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dir-scr John Michael McDonagh
prd Chris Clark, Flora Fernandez-Marengo, James Flynn
with Brendan Gleeson, Chris O'Dowd, Kelly Reilly, Aidan Gillen, Dylan Moran, Isaach De Bankole, M Emmet Walsh, Marie-Josee Croze, Domhnall Gleeson, Orla O'Rourke, David Wilmot, Pat Shortt
release UK 11.Apr.14, US 1.Aug.14
14/Ireland IFB 1h40
Her father's eyes: Gleeson and Reilly
SUNDANCE FILM FEST
BERLIN FILM FEST
|R E V I E W B Y R I C H C L I N E|
An unexpected combination of snappy dialog and darkly slow-burning themes, this unusual drama explores profound issues of faith through an episodic plot and eccentric characters. It's colourful and often hilarious, but it also drags a bit as it circles around its pungent central themes.
Father James (Gleeson) is taken aback when a parishioner tells him in confession that he's going to kill him next Sunday. The next day, his daughter Fiona (Reilly) arrives following another suicide attempt. And he also gets involved with Jack (O'Dowd), who accuses an African neighbour (De Bankole) of beating up his wife (O'Rourke). In addition, there are issues with a local millionaire (Moran), an eccentric old fisherman (Walsh), a grieving French woman (Croze) and an unapologetic convicted murderer (Domhnall Gleeson). Meanwhile, James is trying to make some sense of his own mortality.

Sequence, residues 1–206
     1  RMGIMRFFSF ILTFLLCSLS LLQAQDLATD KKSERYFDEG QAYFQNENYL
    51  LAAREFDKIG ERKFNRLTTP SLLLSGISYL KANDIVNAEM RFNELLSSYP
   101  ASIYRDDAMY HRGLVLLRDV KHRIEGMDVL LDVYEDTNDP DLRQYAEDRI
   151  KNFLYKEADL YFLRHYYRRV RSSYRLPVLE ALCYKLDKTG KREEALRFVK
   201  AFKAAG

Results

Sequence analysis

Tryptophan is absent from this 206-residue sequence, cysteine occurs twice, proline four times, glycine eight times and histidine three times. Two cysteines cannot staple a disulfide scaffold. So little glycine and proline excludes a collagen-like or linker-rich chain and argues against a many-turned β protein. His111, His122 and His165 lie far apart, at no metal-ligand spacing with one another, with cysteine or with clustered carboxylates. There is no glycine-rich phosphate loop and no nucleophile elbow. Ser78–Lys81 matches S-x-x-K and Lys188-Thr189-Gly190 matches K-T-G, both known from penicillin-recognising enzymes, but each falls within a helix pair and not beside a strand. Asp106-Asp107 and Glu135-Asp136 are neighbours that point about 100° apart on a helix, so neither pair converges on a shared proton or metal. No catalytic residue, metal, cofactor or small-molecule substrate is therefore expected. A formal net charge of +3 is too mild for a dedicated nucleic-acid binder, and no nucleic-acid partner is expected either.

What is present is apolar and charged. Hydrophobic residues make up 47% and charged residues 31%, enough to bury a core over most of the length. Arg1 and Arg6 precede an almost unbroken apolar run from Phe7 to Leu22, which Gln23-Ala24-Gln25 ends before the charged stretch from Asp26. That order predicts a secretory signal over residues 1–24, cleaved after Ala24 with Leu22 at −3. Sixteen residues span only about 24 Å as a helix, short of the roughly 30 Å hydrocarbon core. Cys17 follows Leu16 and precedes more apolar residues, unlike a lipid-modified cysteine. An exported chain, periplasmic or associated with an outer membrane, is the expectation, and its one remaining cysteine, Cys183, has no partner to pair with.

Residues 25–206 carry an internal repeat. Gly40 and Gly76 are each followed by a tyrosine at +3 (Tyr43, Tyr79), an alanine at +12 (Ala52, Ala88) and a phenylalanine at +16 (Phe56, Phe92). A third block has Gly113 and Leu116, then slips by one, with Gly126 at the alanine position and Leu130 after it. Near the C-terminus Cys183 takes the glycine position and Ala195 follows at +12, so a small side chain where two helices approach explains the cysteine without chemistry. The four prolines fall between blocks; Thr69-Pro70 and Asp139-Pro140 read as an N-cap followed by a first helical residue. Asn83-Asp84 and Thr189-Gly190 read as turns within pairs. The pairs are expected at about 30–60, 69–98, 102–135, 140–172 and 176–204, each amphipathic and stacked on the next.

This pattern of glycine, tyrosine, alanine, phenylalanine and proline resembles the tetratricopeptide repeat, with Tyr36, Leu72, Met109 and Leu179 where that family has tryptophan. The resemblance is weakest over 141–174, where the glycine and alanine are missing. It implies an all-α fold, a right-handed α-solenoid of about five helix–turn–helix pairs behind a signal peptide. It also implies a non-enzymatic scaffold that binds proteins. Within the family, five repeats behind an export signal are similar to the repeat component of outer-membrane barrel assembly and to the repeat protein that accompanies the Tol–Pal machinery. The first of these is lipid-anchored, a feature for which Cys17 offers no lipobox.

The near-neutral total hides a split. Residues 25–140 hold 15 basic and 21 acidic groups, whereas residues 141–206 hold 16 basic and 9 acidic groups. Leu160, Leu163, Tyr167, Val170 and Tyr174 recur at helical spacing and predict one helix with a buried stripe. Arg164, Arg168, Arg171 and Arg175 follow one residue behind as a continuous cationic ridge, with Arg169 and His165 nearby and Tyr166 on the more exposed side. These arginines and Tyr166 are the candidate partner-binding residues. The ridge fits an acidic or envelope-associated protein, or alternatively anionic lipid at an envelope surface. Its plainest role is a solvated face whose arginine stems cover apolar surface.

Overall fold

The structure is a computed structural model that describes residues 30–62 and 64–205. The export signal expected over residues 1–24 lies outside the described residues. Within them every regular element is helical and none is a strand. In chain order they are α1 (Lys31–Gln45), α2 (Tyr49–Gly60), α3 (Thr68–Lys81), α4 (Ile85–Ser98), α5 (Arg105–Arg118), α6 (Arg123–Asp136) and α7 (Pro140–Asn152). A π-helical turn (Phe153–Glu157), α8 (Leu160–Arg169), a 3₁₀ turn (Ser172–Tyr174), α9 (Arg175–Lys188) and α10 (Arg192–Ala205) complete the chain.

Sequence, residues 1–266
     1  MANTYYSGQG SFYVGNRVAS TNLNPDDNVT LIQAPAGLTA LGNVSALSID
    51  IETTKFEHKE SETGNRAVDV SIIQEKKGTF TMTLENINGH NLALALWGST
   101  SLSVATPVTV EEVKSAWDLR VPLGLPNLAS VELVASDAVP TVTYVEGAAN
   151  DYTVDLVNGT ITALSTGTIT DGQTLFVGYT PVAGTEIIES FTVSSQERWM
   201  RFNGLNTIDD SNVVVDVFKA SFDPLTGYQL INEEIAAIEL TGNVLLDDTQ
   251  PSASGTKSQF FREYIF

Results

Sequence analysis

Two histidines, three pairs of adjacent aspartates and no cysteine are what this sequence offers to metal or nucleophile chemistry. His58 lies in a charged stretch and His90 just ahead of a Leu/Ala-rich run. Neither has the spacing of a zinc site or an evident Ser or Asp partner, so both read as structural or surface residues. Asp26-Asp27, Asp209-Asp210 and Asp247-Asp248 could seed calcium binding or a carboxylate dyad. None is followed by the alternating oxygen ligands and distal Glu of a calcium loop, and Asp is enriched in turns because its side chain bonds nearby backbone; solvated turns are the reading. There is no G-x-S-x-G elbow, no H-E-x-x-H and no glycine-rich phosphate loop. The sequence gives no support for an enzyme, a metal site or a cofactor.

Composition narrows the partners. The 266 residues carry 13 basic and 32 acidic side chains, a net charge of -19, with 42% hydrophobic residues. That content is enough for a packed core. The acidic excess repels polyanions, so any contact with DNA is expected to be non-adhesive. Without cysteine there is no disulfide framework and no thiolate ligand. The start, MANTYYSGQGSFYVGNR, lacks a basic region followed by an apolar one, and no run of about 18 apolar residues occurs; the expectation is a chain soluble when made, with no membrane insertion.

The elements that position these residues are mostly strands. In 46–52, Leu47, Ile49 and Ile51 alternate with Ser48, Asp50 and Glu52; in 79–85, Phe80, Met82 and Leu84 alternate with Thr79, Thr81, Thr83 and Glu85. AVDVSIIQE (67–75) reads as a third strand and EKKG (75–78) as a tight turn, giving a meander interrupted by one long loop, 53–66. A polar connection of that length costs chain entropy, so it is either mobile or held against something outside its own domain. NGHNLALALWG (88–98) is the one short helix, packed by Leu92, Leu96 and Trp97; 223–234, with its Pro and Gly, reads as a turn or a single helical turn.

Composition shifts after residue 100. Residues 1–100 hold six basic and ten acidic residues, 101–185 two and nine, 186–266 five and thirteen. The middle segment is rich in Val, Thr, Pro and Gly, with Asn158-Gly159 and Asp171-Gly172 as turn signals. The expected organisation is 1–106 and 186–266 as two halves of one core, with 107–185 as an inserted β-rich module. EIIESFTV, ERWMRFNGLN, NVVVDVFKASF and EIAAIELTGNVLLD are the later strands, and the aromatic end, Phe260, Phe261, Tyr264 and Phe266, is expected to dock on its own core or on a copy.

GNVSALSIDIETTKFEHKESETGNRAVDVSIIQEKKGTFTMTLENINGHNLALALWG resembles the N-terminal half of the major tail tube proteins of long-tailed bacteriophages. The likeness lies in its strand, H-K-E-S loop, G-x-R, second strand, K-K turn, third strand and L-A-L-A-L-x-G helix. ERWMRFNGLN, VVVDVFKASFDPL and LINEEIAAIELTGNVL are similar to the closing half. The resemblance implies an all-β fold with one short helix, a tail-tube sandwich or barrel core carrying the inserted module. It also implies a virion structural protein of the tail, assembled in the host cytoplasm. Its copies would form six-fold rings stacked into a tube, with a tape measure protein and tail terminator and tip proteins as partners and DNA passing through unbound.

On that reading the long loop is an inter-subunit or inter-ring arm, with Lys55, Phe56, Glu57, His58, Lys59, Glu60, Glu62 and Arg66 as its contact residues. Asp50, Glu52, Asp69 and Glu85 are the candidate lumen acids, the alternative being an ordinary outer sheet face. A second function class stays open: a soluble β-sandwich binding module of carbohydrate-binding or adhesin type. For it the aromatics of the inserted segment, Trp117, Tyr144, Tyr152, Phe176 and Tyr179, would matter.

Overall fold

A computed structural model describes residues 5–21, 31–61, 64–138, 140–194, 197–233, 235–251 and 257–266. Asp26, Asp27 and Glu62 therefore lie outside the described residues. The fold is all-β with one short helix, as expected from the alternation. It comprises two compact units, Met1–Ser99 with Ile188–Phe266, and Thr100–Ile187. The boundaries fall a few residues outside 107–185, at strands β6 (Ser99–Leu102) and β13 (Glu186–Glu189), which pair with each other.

Writer-director McDonagh is terrific at writing crackling dialog that distracts us from a story's serious undercurrents. Even darker than The Guard, the mix here is intriguingly subtle, with literate lines spoken by razor-sharp characters. Sometimes this can feel a bit weighty, especially as the slow pacing lulls us into a trance. And sometimes the people feel like deliberately spiky scene-stealers. But the combination is entertaining and ultimately surprising.
Gleeson mutes his sardonic persona intriguingly as a man still traumatised by the death of his wife and the discovery of his vocation as a priest. So his daughter's neediness barely ruffles him. Gleeson's chemistry with Reilly is offhanded and honest, as is the way he deals with the colourful locals, each of whom seems more than a little unhinged. In the superb ensemble, O'Dowd is a standout in a rare menacing role, and the scene between father-son actors Brendan and Domhnall is the show-stopper.
In the end, the lively performances and spectacular scenery hold our interest even as we're mesmerised by the meandering pacing. There's a sense that the script has been written as a fable, with each scene standing in for something much more profound, leading to a conclusion that echoes out in waves of meaning we never see coming. It's a bold approach to storytelling that may alienate some audiences. But it also jolts us into thinking about the fundamental fact that Christianity should be about forgiveness, not sin.
|R E A D E R R E V I E W S|
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© 2014 by Rich Cline, Shadows on the Wall|
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